3.5. Cell Culture, Transient Transfection and Luciferase Assay

HEK293T cells were maintained in Dulbecco’s Modified Eagle’s medium (Gibco–BRL, Gaithersburg, MD, USA) with 10% heat-inactivated fetal bovine serum (FBS; Gibco–BRL, Gaithersburg, MD, USA) and 1% (v/v) penicillin-streptomycin (PS; Gibco–BRL, Gaithersburg, MD, USA) in a 37 °C incubator. For the luciferase assay, cells were seeded in 24-well culture plates and transfected with each indicated reporter vector (pcDNA3/C/EBPβ and β-galactosidase expression plasmid) using Polyfect transfection reagent (Qiagen, Seoul, Korea). After 24 h of transfection, the cells were lysed in cell culture lysis buffer (Promega, Madison, WI, USA). Luciferase activity was determined using an analytical luminometer (Wallac Victor2 plate reader, Perkin Elmer, Waltham, MA, USA), according to the manufacturer’s instructions (Promega, Madison, WI, USA). The luciferase activity was normalized for transfection efficiency using the corresponding β-galactosidase activity. All assays were performed in at least triplicate. All data are reported as means ± SD.

3.6. Confocal Microscopy

HEK293T cells were seeded on glass coverslips in a 12-well plate and transiently transfected with 400 ng of pcDNA3/C/EBPβ or empty vector with 400 ng of pDsRed2-1/Akmlc2f P2657 using Polyfect transfection reagent (Qiagen, Seoul, Korea). At 24 h after transfection, the cells were fixed with 4% paraformaldehyde in PBS (pH 7.4), mounted using VECTASHIELD® with DAPI (Vector Labs, Burlingame, CA, USA), and viewed using an LSM700 confocal laser scanning microscope (Carl Zeiss, Oberkochen, Germany). The promoter activity of pDsRed2-1/Akmlc2f P2657 with C/EBPβ or empty vector in the cells was demonstrated by direct fluorescence; stacks of optical sections were acquired by sequential acquisition and analyzed using the LSM software (ZEN 2009, Carl Zeiss, Oberkochen, Germany).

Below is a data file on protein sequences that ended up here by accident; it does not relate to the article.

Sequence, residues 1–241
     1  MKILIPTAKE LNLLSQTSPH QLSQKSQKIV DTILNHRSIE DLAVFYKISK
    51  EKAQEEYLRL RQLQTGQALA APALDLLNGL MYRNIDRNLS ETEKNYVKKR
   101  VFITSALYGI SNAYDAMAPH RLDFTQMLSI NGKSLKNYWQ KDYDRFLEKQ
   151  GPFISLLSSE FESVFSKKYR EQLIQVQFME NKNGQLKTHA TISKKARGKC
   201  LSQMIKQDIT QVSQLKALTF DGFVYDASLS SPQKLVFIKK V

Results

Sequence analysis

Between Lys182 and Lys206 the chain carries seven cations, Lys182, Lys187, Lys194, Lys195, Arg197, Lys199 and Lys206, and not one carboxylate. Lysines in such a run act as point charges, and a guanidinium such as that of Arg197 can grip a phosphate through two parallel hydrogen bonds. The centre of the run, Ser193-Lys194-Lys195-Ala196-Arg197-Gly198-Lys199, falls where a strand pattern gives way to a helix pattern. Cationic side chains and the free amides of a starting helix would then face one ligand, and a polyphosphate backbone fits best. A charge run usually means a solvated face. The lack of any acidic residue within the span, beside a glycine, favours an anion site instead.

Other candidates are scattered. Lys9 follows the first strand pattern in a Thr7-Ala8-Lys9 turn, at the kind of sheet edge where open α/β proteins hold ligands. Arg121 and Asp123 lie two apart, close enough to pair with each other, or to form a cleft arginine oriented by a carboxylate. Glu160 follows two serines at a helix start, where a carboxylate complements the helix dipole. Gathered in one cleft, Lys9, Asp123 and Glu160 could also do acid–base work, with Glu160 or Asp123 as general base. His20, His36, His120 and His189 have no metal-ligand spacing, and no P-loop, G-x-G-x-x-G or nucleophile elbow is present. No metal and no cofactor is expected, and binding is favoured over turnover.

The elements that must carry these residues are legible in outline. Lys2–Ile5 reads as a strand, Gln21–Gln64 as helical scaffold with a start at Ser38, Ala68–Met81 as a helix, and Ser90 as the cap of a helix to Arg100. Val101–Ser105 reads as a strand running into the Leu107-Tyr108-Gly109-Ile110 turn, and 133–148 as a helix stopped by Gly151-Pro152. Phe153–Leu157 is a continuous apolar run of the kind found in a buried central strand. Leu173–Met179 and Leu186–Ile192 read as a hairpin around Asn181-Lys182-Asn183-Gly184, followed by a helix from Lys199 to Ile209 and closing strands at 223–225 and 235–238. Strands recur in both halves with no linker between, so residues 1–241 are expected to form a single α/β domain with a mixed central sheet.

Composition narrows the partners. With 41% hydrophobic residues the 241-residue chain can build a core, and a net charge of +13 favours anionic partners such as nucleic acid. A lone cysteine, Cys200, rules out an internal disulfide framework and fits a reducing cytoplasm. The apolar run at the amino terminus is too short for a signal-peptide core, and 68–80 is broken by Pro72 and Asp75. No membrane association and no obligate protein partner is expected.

3.7. Microinjection into Zebrafish Embryo

Adult fish were maintained at 28.5 °C with a 14 h light/10 h dark cycle as described in Westerfield [27]. The fluorescent protein reporter of the Akmlc2f promoter, pDsRed2-1/Akmlc2f P2657 was digested with the restriction endonuclease ApaLI (New England BioLabs, Beverly, MA, USA). The DNA solution at concentrations of 25 μg/mL was injected into the one-cell stage embryos using an air-pressure microinjector (PicoPump, WPI, Sarasota, FL, USA) as described previously [28]. The estimated amount of DNA delivered to each embryo was 20 pg on average. Digital images of embryos were captured using a macro zoom fluorescence microscope (MVX10, Olympus, Tokyo, Japan).

3.8. Fish and Tissue Samples

A. koreensis specimens were collected from the Deokchun River, Sangcheong-gun, Gyungnam, Korea. The fish were maintained at the National Fisheries Research and Development Institute (NFRDI) in Busan, Korea. The adults were maintained in 40-L glass aquaria at a density of approximately 20 fish per aquarium. The water was renewed every other day and the temperature in the rearing tanks was maintained at 18 ± 1 °C. The room was maintained on a 12:12-h light-dark cycle. Adults were fed TetraBits (Tetra, Melle, Germany) and frozen bloodworms (Advanced Hatchery Technology, Salt Lake City, UT, USA) twice a day. For RNA extraction, tissues were removed from three fish, immediately frozen in liquid nitrogen, and stored at −80 °C before use.

3.9. Quantitative Real-Time PCR